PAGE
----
Nurse 'sex with boy, 14' disciplinary hearing delay
A Nursing and Midwifery Council (NMC) disciplinary committee has heard claims that a district nurse had sex with a 14-year-old boy.
Nurse Victoria Horsley, 36, of Tyn-Y-Gongl, Anglesey, is also alleged to have allowed three teenagers to drive an NHS vehicle a number of times.
The hearing in Cardiff was adjourned after it emerged paperwork on the case had been sent to the wrong address.
On Wednesday, a decision will be taken on what happens next in the case.
At the opening on Tuesday, the three-person panel was told Miss Horsley was a district nurse at North West Wales NHS Trust in 2005 when her alleged relationship with the boy began.
The committee heard how it then continued in secret until about 2008, despite Miss Horsley being advised not to contact the child following an investigation by the NHS trust.
The allegations were looked at by the police but "inconstancies" in the child's story eventually meant no action was taken, the hearing was told.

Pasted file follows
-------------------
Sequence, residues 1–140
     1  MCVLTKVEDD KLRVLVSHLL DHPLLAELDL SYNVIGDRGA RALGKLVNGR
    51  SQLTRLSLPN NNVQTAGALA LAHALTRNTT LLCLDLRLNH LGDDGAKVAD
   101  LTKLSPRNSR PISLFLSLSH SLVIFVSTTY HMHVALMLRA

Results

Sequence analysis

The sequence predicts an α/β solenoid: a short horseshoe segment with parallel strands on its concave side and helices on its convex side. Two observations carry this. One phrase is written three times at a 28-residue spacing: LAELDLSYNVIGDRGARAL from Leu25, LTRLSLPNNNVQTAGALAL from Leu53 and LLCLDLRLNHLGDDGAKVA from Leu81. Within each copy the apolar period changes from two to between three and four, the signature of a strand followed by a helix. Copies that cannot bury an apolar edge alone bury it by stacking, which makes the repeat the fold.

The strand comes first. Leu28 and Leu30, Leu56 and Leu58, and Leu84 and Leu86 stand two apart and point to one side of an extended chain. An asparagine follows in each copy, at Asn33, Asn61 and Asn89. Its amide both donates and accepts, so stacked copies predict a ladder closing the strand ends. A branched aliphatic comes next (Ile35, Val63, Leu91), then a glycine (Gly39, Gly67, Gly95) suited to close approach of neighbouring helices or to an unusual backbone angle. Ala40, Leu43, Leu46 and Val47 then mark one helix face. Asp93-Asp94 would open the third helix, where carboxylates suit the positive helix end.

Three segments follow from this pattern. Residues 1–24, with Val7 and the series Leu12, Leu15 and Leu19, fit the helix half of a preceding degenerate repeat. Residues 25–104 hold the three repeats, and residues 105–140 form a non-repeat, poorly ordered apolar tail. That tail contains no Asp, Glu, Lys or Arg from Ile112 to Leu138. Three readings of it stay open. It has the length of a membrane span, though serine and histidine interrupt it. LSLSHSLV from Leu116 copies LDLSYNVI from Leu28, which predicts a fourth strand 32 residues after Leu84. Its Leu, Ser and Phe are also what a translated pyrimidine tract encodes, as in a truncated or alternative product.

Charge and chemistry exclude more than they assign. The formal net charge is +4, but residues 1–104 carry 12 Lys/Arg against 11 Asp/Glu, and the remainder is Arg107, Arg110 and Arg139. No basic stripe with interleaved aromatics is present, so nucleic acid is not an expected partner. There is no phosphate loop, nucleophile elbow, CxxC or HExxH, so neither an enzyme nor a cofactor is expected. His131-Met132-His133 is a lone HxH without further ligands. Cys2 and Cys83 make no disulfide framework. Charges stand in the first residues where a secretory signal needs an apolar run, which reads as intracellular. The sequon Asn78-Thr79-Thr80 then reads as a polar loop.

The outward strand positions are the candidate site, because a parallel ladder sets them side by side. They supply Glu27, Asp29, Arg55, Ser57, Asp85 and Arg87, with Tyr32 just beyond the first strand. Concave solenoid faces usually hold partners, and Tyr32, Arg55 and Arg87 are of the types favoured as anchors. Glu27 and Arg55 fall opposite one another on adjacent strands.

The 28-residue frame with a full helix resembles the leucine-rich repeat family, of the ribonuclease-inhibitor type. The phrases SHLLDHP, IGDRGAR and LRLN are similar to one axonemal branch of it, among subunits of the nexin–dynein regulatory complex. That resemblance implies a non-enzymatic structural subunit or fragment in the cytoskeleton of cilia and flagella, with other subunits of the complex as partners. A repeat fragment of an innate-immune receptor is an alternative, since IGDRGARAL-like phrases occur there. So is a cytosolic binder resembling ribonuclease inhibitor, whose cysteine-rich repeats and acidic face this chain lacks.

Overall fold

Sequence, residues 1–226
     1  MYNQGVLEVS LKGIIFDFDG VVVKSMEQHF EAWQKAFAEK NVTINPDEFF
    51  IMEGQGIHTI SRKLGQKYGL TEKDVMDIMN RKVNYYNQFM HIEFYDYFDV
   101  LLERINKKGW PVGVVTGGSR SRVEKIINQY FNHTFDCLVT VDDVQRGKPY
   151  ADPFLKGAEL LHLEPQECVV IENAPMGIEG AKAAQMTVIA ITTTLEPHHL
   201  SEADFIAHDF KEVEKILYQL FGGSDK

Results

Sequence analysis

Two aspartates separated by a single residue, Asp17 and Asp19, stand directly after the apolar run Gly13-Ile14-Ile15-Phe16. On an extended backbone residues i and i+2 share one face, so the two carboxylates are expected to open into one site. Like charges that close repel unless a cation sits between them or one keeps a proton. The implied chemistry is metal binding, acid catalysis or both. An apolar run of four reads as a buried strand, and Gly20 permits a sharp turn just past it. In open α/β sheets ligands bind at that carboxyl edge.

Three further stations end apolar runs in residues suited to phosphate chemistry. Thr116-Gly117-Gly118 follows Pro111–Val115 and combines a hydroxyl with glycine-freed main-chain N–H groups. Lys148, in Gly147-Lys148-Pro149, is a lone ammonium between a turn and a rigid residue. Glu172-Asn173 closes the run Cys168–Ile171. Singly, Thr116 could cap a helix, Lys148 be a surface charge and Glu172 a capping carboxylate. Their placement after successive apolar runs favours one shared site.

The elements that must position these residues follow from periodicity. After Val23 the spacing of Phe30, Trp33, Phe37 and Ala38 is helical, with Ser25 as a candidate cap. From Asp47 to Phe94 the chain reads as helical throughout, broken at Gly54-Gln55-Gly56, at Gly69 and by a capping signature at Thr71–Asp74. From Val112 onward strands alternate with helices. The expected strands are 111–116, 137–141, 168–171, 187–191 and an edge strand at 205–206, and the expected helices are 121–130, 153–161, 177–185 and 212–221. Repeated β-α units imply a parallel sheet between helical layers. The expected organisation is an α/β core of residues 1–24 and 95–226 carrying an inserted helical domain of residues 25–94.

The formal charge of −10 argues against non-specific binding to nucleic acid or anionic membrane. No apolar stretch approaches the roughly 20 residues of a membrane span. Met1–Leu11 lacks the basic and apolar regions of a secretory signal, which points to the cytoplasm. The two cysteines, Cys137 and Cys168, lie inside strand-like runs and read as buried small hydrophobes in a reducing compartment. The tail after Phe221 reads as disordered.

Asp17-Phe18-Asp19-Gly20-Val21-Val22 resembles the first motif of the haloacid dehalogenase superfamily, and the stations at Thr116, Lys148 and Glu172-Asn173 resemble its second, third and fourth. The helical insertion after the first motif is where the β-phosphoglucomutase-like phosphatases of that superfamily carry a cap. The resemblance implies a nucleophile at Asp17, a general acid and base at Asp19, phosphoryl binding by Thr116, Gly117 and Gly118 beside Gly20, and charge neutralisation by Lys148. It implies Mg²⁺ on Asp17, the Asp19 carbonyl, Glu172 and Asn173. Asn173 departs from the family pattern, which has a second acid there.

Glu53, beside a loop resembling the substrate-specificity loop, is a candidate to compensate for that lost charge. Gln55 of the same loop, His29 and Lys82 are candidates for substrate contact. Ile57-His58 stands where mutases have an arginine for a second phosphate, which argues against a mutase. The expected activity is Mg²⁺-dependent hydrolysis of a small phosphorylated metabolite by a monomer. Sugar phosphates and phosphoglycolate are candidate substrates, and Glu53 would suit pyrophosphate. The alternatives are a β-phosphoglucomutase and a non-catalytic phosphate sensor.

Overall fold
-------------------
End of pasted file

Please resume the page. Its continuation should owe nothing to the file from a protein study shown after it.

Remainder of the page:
The NMC hearing was due to hear the details of this and other allegations but the nurse's legal team were successful in having the sex charge removed.
Christopher Green, defending, said a clerical error meant Miss Horsley had only found out about the most serious charge - of having sexual intercourse with a child - in October of 2010 and said it came as "a devastating shock".
Mr Green told the committee that up until that point Miss Horsley, who thought she only faced the less severe charges of allowing children to drive her NHS vehicle, "had taken the view that she'd probably never work again as a nurse again and was not going to contest the allegation".
But, he said, she contacted the Royal College of Nursing to contest the proceedings after the addition of the more serious charge.
After resuming on Wednesday, the hearing could be adjourned until much later so that the most serious allegation can be added, according to set procedure.
But the panel can also decide to go ahead with a hearing and look at lesser outstanding charges.
They include claims that Ms Horsely, who is not currently working as a nurse, allowed two boys aged under 17 to drive a vehicle belonging to the North West Wales NHS Trust, for which she then worked.
She is also alleged to have allowed a third teenager to drive the vehicle, assumed to be the car provided with her job.
None of the teenagers in question would have had a licence or been insured.
A third allegation states that she maintained contact with Child A contrary to advice given by the trust.